Should cognitive testing be a presidential prerequisite?

A growing chorus of pundits and candidates are pushing mental fitness challenges as a campaign necessity

Illustration of Joe Biden with cogs turning in his head
74% of respondents in a recent poll said presidential candidates of any age should have to pass a mental competency test
(Image credit: Illustrated / Getty Images)

It's little secret that former President Donald Trump is particularly proud of — in his own words — his "very, very large brain." Trump's aura of mental satisfaction is particularly noticeable when he is on the campaign trail — most recently at the Pray Vote Stand summit in Washington DC, where he derided President Biden as "cognitively impaired" before accusing the White House of risking "World War II."

Asked this past weekend by Meet The Press moderator Kristen Welker whether there should be an age limit on the presidency, Trump, 77, demurred, saying that while neither he nor Biden were themselves too old to hold office, "there should be a competency. I’m all for the test." But, he acknowledged, "a lot of people say that can’t happen because of Constitution."

Trump's renewed embrace of cognitive testing comes as several of his Republican presidential nomination challengers level their own attacks on both the current and former president for their advanced age and — whether implied or explicitly stated — the mental decline that often follows. 

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There should be a "mandatory mental competency tests for politicians over 75 years old" presidential aspirant Nikki Haley exclaimed during her campaign launch speech this past February. But as Trump noted in his interview with Welker, the constitutionality of such a proposal is deeply uncertain. Still, with both the incumbent and Republican front-runners well past the typical age of retirement, and to some degree each prone to uncomfortable public gaffes, the prospect of candidate mental competency testing has returned as election season begins to intensify. 

What the commentators said

"This is not a qualification for office," Haley insisted in an essay published by Fox News this spring. Rather, without enforceable consequences, "It is about transparency." The Wall Street Journal's editorial board agreed, calling it an "attention-getting idea but fundamentally a political gimmick" in an op-ed this week. "There’s no test for this except the voters."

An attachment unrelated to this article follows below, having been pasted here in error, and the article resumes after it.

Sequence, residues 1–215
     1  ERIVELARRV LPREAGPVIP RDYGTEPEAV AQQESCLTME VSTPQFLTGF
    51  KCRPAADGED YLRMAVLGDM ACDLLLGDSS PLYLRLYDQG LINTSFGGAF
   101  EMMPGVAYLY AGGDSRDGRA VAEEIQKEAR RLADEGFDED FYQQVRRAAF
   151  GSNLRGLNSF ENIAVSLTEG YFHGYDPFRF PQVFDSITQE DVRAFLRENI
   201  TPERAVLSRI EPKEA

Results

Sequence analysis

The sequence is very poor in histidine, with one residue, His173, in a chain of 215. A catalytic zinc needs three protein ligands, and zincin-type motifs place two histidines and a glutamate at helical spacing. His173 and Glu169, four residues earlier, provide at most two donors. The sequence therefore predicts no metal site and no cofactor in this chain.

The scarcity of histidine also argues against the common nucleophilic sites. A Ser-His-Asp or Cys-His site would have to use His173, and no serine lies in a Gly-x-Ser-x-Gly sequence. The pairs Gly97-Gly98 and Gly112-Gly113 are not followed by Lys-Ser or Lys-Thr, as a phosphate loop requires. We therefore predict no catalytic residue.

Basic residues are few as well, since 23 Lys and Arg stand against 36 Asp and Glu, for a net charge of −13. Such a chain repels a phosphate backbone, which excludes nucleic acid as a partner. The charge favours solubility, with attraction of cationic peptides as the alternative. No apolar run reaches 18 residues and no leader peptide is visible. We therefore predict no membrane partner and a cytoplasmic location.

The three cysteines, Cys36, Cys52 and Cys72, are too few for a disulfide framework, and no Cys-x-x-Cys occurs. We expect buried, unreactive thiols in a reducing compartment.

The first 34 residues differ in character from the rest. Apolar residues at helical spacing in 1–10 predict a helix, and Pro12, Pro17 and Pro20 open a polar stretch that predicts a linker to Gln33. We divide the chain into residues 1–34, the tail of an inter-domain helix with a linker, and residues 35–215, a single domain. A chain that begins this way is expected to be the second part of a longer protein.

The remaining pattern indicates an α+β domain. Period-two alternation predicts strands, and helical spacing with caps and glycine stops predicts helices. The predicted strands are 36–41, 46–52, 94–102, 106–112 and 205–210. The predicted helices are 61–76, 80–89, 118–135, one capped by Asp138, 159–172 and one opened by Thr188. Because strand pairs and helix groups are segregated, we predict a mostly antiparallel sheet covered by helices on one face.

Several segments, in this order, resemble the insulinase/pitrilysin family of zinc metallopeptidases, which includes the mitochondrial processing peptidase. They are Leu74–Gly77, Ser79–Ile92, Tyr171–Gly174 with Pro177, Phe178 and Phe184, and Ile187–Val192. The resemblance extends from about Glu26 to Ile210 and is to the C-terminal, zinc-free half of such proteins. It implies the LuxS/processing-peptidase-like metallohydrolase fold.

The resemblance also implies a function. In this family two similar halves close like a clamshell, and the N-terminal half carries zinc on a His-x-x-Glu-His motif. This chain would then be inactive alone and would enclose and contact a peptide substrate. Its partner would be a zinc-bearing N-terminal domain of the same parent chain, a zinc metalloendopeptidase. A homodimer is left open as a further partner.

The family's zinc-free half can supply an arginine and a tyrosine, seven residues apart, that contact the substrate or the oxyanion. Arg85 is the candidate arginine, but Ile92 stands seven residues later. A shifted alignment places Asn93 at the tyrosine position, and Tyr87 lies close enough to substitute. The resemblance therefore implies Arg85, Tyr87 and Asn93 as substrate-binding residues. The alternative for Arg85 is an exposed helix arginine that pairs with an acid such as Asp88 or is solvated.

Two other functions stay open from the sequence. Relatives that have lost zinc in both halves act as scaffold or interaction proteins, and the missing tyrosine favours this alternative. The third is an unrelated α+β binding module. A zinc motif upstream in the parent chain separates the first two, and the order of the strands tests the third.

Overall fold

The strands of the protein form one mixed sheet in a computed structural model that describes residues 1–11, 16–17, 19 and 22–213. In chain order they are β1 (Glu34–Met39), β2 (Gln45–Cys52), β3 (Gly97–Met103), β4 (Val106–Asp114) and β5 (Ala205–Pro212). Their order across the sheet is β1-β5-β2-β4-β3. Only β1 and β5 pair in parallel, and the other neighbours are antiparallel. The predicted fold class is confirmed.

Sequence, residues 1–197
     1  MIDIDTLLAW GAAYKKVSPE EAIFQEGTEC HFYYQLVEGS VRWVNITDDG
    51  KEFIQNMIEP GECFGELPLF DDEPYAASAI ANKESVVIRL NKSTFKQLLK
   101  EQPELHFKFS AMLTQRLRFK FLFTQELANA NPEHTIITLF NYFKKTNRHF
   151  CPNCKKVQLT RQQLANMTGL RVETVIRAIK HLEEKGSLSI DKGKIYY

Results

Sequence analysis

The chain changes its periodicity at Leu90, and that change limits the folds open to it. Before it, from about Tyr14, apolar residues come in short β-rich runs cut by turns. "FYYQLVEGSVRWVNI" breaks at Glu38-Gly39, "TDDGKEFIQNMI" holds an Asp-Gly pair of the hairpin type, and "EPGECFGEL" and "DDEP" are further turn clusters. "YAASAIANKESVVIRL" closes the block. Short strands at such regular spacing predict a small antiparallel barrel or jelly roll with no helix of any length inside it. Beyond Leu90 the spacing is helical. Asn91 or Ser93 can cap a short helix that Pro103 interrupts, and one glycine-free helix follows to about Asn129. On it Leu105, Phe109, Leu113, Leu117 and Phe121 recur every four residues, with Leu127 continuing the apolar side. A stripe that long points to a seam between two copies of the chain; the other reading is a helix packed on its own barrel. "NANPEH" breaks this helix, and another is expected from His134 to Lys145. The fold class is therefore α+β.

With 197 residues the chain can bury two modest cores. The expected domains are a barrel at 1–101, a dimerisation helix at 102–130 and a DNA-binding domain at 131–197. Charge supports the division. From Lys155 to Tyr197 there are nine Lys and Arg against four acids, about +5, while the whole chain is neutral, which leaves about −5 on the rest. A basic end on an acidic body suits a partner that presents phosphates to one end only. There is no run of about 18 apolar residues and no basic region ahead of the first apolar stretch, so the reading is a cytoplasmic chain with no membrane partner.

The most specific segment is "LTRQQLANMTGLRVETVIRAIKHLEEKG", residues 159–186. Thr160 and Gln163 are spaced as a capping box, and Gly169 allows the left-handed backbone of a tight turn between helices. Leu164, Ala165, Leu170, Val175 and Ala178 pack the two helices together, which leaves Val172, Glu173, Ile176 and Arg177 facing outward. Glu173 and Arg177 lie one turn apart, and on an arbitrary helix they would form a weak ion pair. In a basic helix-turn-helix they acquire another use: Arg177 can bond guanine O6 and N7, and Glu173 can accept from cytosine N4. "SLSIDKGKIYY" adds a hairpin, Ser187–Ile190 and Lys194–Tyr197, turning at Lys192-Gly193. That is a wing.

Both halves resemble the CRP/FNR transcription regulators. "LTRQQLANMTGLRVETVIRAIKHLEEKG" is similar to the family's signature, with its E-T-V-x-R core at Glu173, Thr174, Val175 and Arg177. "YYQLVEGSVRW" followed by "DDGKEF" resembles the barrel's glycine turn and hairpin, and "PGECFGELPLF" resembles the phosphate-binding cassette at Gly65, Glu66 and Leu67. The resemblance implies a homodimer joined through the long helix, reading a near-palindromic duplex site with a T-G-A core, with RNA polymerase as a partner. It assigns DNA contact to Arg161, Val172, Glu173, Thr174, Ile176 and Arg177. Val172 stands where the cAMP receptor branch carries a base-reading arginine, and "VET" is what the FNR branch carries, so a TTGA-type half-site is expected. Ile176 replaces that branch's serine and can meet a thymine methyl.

Voters, however, are overwhelmingly in favor of such a test, with 74% of respondents to a recent Morning Consult poll affirming that "presidential candidates of any age should have to pass a mental competency test." While that support was bipartisan, pollsters also found that "Republican voters (56%) are more likely to say Trump would “definitely pass” a mental competency test than Democrats are regarding Biden (41%)." Limiting cognitive testing to candidates 75 and older as per Haley's proposal was seen as "disrespectful" by a bipartisan third of respondents, as well. 

Questions of respectfulness aside, Trump is also correct about the potential illegality of mandating mental acuity testing for politicians. Presidents aren't "obliged to prove their cognitive fitness" based on the requirements for office put forth in the Constitution, Boston Globe columnist Jeff Jacoby said. Without a constitutionally compliant law passed by Congress, or a full constitutional amendment changing the requirements to run for the highest office in the land, "a mandatory mental competency test is a nonstarter." And making a constitutionally compliant law is no small lift, the Journal's editorial board noted, citing the two-month lifespan of a California measure barring candidates who didn't disclose their tax forms from running for office. That law would have "open[ed] the floodgates, for forcing politicians to reveal “confidential medical records, psychiatric and therapist records, academic records, family law records, or other privileged information," the federal judge who struck down the measure explained in his ruling.

What's next?

While mandating mental competency testing seems at least for the time being out of the question, Trump, Biden, and any other candidate who wants can submit for a voluntary exam — and use the threat of one as a political cudgel. After the WSJ published a recent poll on his age and acuity, Trump "hereby challenge[d] Rupert Murdoch & Sons, Biden, WSJ heads, to acuity tests!" in a post on his Truth Social network this month. 

While Biden hasn't commented on the former president's latest provocation, he has addressed the question of mental competency in the past, telling Fox News' Doug McKelway in 2020 that he can "hardly wait to compare" his mental fitness with Trump's. First lady Jill Biden, however, has responded to the resurgence in calls for mental acuity testing for elderly candidates. Speaking with CNN this past March, she called the idea "ridiculous."

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